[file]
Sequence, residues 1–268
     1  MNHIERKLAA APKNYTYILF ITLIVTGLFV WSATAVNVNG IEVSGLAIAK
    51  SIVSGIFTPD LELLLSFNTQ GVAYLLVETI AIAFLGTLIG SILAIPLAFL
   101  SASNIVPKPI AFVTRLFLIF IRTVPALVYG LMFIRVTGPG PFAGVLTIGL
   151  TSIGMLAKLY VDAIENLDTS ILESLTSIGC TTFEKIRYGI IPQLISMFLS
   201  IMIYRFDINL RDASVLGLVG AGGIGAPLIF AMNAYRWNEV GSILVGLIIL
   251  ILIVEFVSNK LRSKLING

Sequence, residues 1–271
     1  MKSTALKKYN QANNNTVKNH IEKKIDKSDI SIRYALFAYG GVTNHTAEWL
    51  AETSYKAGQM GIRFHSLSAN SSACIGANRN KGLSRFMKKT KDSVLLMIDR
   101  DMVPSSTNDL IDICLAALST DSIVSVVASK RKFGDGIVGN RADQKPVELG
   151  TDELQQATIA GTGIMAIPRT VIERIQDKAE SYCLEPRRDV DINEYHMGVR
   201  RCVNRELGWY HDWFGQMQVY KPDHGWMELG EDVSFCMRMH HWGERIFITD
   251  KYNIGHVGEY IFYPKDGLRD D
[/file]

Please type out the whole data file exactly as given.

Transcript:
Sequence, residues 1–268
     1  MNHIERKLAA APKNYTYILF ITLIVTGLFV WSATAVNVNG IEVSGLAIAK
    51  SIVSGIFTPD LELLLSFNTQ GVAYLLVETI AIAFLGTLIG SILAIPLAFL
   101  SASNIVPKPI AFVTRLFLIF IRTVPALVYG LMFIRVTGPG PFAGVLTIGL
   151  TSIGMLAKLY VDAIENLDTS ILESLTSIGC TTFEKIRYGI IPQLISMFLS
   201  IMIYRFDINL RDASVLGLVG AGGIGAPLIF AMNAYRWNEV GSILVGLIIL
   251  ILIVEFVSNK LRSKLING

Sequence, residues 1–271
     1  MKSTALKKYN QANNNTVKNH IEKKIDKSDI SIRYALFAYG GVTNHTAEWL
    51  AETSYKAGQM GIRFHSLSAN SSACIGANRN KGLSRFMKKT KDSVLLMIDR
   101  DMVPSSTNDL IDICLAALST DSIVSVVASK RKFGDGIVGN RADQKPVELG
   151  TDELQQATIA GTGIMAIPRT VIERIQDKAE SYCLEPRRDV DINEYHMGVR
   201  RCVNRELGWY HDWFGQMQVY KPDHGWMELG EDVSFCMRMH HWGERIFITD
   251  KYNIGHVGEY IFYPKDGLRD D